Physical Activity and Nutrition


“Together, (physical inactivity and unhealthy eating) are responsible for at least 400,000 deaths each year (CDC, 2004).” 
Scientific evidence suggests that about one-third of the cancer deaths that occur in the US each year are due to poor nutrition and physical inactivity factors, including obesity. For the majority of Americans who do not use tobacco products, dietary choices and physical activity are the most important modifiable determinants of cancer risk.
Evidence also indicates that although inherited genes do influence cancer risk, heredity alone explains only a fraction of all cancers. The majority of the variation in cancer risk among populations and among individuals is due to factors that are not inherited. Behavioral factors such as cigarette smoking, certain dietary patterns, and physical inactivity can substantially increase one's risk of developing cancer. These factors modify the risk of cancer at all stages of its development. The introduction of a healthy diet and regular physical activity at any time, from childhood to old age, can promote health and impact cancer risk.
Physical inactivity and unhealthy diet contribute to the risk of other diseases as well. CDC (2004) states that physical inactivity and unhealthy eating contributes to obesity, cancer, cardiovascular disease, and diabetes. It continues to conclude that people who are overweight are at an increased risk for heart disease, high blood pressure, diabetes, arthritis-related disabilities, and some cancers. 
Overweight and Obesity in the United States
The American Cancer Society (2003) researchers say current patterns of overweight and obesity in the U.S. could account for 14 percent of all cancer deaths in men and 20 percent of those in women.
A study by the American Cancer Society (2003) showed that stomach (in men), liver, pancreatic, prostate, non-Hodgkin lymphoma, multiple myeloma, cervical, and ovarian cancer is linked widely to unhealthy body weight. The same report also “substantiates previous studies linking overweight and obesity to cancers of the colon and rectum, breast (in postmenopausal women), uterus, kidney, esophagus, and gallbladder.” 
The National Cancer Institute (2005) also suggests the same correlation; that as overweight and obesity trends increase and physical activity decreases the risk of developing many cancers rise. Obesity and being overweight are caused largely by diet and physical activity; therefore, making the promotion of healthy lifestyles important and vital in the prevention of cancer and other diseases.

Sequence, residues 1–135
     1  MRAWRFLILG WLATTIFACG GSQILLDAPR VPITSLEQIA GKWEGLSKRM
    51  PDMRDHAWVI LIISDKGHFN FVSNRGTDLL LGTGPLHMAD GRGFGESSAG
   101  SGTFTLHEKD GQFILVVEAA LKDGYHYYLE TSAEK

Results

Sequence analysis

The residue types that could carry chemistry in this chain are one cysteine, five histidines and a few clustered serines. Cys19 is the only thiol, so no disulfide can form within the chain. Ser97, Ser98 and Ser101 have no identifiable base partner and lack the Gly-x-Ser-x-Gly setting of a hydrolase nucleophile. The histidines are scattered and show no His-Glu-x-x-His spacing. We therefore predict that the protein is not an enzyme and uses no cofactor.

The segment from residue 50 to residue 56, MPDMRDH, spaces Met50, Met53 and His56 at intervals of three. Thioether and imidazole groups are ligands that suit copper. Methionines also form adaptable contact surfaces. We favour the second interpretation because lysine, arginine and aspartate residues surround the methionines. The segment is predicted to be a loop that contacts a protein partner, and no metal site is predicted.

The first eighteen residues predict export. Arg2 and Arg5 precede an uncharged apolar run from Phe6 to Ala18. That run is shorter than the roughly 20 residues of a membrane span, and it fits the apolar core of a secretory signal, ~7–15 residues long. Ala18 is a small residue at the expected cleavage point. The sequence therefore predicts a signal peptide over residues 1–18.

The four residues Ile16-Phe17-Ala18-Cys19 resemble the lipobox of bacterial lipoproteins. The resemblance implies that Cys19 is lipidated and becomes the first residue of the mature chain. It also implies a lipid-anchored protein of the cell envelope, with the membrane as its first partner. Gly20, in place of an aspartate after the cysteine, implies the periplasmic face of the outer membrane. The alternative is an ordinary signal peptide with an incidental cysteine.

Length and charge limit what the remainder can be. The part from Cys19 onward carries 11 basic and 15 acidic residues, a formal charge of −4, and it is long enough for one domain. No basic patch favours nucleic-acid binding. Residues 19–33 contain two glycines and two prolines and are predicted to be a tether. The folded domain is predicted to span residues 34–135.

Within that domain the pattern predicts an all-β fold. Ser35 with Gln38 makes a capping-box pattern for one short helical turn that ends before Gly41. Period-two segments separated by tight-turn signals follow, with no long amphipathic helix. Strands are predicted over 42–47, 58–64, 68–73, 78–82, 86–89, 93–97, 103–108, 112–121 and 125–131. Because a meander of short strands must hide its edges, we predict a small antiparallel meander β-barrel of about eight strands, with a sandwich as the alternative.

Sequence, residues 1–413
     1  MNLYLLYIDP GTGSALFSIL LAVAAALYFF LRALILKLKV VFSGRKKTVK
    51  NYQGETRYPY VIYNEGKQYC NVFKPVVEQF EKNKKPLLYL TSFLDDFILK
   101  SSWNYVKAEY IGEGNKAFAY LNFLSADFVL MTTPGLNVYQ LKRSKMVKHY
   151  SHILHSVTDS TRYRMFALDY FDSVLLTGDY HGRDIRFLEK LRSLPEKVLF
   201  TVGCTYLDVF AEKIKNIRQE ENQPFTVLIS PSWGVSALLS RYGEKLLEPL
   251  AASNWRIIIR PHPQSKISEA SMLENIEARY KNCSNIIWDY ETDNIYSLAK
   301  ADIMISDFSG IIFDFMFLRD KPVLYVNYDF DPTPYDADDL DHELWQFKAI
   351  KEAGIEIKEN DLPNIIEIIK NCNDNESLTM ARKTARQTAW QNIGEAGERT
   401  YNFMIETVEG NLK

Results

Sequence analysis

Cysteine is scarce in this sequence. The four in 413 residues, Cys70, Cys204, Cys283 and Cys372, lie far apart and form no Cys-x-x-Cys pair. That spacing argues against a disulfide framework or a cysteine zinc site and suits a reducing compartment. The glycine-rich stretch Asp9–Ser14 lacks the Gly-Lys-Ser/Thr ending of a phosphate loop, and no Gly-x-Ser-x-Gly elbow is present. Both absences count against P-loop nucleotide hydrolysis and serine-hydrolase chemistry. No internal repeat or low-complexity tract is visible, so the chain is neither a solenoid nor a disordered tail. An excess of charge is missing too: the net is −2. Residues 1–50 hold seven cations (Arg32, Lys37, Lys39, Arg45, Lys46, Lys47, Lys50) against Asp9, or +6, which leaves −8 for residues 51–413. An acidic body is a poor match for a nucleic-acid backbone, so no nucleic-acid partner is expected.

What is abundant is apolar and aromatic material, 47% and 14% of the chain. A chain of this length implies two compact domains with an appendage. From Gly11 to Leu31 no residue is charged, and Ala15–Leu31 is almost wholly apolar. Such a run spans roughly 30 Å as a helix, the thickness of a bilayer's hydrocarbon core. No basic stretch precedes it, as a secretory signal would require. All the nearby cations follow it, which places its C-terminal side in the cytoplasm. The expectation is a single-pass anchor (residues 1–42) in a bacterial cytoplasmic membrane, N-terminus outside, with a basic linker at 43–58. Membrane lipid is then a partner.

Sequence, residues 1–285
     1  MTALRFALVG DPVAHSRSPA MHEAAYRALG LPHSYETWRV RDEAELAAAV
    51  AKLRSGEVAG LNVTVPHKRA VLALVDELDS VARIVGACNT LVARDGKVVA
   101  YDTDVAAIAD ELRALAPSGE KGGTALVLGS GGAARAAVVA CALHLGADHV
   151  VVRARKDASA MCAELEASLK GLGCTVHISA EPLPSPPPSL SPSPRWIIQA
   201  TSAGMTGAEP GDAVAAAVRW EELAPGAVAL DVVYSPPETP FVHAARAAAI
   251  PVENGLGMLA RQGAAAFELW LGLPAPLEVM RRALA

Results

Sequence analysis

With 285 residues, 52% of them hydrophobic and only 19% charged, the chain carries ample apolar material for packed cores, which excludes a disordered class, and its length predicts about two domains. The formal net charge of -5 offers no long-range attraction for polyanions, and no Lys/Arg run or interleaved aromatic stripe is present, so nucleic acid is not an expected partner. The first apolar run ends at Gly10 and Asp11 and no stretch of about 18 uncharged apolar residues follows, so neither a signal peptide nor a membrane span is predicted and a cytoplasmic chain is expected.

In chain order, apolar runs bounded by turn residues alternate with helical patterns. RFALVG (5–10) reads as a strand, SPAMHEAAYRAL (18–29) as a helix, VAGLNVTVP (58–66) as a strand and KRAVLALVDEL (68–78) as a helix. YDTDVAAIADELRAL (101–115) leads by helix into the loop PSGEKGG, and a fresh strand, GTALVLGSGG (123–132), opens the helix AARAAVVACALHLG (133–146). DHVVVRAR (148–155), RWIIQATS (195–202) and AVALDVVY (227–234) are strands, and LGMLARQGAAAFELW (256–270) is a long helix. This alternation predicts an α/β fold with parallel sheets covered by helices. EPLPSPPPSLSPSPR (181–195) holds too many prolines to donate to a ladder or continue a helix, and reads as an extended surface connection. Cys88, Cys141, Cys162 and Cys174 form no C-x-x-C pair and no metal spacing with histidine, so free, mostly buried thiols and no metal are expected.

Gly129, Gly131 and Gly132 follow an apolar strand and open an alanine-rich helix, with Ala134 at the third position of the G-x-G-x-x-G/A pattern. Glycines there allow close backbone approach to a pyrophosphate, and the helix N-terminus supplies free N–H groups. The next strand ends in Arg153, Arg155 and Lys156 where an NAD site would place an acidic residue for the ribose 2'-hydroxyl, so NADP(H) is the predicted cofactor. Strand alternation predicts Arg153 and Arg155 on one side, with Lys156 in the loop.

Researchers predict that the epidemic growth in rates of obesity and overweight will cause cancer rates to soar 50 percent worldwide by 2020. Their conclusions are partly based on findings that simply being overweight and inactive produce hormonal and metabolic changes that create favorable conditions for cancer to begin.

Why? Cancer is a complex disease, and many factors probably explain the increased cancer risk excess weight causes. New findings, based on new technologies, suggest that fat cells constantly secrete a variety of hormones and other growth factors into the bloodstream.

In obese and overweight individuals, greater amounts of these hormones and growth factors are continually pumped into the bloodstream. Cells are urged to grow and divide at an accelerated rate. Thus, according to this theory, the random mutations that can lead to cancer are more likely.
Physical Activity
In order to control weight and prevent obesity, physical activity is an important component that should be a part of one’s daily lifestyle. “A comprehensive 2002 international review by the International Agency for Research on Cancer (IARC) summarized, for the first time, the compelling evidence that prevention of obesity reduces risk for many of the most common cancers such as colon, postmenopausal breast, uterine, and renal cell cancers (2002).”

Comprehensive Cancer Control Plan

The Cherokee Nation Comprehensive Cancer Control (CNCCC) Project assists in the development of networks and collaboration that produce an infrastructure for a comprehensive approach to cancer within the Cherokee Nation. Since 2003, coalition members and partners have come together to discuss the burden of cancer in Cherokee Nation. Coalition members and partners include local, regional, state and national representatives committed to identifying areas of cancer concern, planning interventions, prioritizing greatest areas of identified need, and then implementing identified strategies and/or providing needed resources. This is the second edition of the Cherokee Nation Comprehensive Cancer Control Plan and will serve, like the first, as an information resource for health care professionals and community members, as well as a tool for the Cherokee Nation Comprehensive Cancer Control Coalition and its respective entities. The coalition is committed to the process of enhancing infrastructure for comprehensive cancer control in the Cherokee Nation with the ultimate goal of reducing morbidity and mortality among the Cherokee community.